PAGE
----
This week, we have a joint presentation by Tiffany Wenting Li and Silas Hsu on their recently published work regarding imperfect AI autograders.
Please join us, and stay afterwards to socialize with the other attendees (and eat cookies)!
Attitudes Surrounding an Imperfect AI Autograder — Abstract
Deployment of AI assessment tools in education is widespread, but work on students’ interactions and attitudes towards imperfect autograders is comparatively lacking. This paper presents students’ perceptions surrounding a 90% accurate automated short-answer grader that determined homework and exam credit in a college-level computer science course. Using surveys and interviews, we investigated students’ knowledge about the autograder and their attitudes.
We observed that misalignment between folk theories about how the autograder worked and how it actually worked could lead to suboptimal answer construction strategies. Students overestimated the autograder’s probability of marking correct answers as wrong, and estimates of this probability were associated with dissatisfaction and perceptions of unfairness. Many participants expressed a need for additional instruction on how to cater to the autograder. From these findings, we propose guidelines for incorporating imperfect short answer autograders into the classroom in a manner that is considerate of students’ needs.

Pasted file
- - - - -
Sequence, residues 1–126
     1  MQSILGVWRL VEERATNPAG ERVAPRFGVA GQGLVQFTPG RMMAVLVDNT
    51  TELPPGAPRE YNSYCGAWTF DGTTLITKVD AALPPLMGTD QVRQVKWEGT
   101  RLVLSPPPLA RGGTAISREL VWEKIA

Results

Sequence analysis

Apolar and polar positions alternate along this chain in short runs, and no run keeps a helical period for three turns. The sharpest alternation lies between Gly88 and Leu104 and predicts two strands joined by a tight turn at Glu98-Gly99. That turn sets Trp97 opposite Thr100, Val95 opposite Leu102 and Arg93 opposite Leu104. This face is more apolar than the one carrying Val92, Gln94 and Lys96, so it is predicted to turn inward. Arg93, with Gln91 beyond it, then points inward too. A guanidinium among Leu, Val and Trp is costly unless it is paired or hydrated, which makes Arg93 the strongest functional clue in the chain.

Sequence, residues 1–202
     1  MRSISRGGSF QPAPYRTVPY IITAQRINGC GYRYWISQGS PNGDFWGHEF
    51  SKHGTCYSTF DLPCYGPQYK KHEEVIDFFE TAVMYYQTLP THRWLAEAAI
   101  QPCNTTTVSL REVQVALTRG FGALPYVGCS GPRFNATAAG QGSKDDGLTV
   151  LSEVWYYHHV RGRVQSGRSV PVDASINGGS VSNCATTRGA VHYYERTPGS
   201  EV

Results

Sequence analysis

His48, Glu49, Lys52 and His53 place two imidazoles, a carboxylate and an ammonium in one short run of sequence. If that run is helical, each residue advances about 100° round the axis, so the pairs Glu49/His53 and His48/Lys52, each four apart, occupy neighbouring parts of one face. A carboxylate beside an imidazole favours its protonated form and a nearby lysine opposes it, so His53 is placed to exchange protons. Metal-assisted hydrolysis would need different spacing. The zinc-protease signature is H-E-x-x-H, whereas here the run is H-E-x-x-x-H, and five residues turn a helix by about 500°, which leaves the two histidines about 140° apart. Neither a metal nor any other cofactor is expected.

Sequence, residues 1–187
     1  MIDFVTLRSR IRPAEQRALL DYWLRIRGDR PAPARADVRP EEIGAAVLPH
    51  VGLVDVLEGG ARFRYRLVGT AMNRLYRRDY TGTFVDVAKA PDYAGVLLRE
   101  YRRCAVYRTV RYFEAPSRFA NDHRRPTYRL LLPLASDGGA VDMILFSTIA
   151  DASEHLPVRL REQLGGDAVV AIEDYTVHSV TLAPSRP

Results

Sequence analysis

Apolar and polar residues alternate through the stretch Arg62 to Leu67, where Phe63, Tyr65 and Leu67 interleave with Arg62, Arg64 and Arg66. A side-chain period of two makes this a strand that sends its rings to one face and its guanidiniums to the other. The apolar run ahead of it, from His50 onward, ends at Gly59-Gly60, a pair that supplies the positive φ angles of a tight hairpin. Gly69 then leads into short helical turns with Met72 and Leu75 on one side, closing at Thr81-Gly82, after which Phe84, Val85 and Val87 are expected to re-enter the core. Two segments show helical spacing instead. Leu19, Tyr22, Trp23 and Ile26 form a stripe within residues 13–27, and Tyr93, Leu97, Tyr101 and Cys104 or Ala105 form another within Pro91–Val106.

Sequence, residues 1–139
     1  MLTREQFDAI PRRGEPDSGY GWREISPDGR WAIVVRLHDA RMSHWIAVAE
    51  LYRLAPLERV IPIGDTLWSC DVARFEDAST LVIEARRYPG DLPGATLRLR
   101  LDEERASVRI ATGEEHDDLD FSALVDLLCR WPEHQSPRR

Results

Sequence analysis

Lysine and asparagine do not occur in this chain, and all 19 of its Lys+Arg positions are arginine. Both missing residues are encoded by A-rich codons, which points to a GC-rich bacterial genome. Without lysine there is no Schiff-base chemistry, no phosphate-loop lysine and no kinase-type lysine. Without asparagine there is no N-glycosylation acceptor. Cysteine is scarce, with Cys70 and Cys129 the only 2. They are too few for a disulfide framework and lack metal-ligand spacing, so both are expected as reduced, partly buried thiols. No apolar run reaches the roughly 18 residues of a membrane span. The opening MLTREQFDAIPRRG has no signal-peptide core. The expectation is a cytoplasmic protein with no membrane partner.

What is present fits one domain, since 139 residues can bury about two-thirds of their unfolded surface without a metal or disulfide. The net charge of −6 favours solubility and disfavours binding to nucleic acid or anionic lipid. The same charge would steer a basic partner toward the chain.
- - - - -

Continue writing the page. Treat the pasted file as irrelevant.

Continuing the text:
Tiffany Wenting Li is a 4th year Ph.D. student in the Computer Science Department at UIUC, advised by Dr. Karrie Karahalios and Dr. Hari Sundaram. Her research interests broadly lie in the intersection of human-computer interaction (HCI), education technology, and artificial intelligence (AI). She is excited about leveraging AI effectively and fairly to increase access to quality education. Currently, she focuses on two lines of research. First, she is working to address the imperfection and opacity of AI-driven feedback systems to maximize students’ learning gain. Her second line of research develops algorithmic systems to facilitate collaborative peer feedback exchanges at scale, optimizing for learning gain, feedback diversity, and efficiency. Before she was a Ph.D. student, she studied mathematics and economics at Cornell University.
Silas Hsu is a 4th year Ph.D. student at UIUC specializing in human-computer interaction (HCI) and advised by Dr. Karrie Karahalios. His research focuses on helping people make the most of imperfect AI systems and helping users correct AI’s mistakes. Currently, Silas pursues this goal in the area of (1) everyday online algorithms that curate ads and feeds, making sure people have meaningful control over the content they see; and (2) algorithms that grade students’ work, giving students tools to help them make sense of possibly imperfect feedback. When he’s not busy, Silas continues to add to his over 20 years of classical piano experience and strives for performance quality rivaling that of professionals.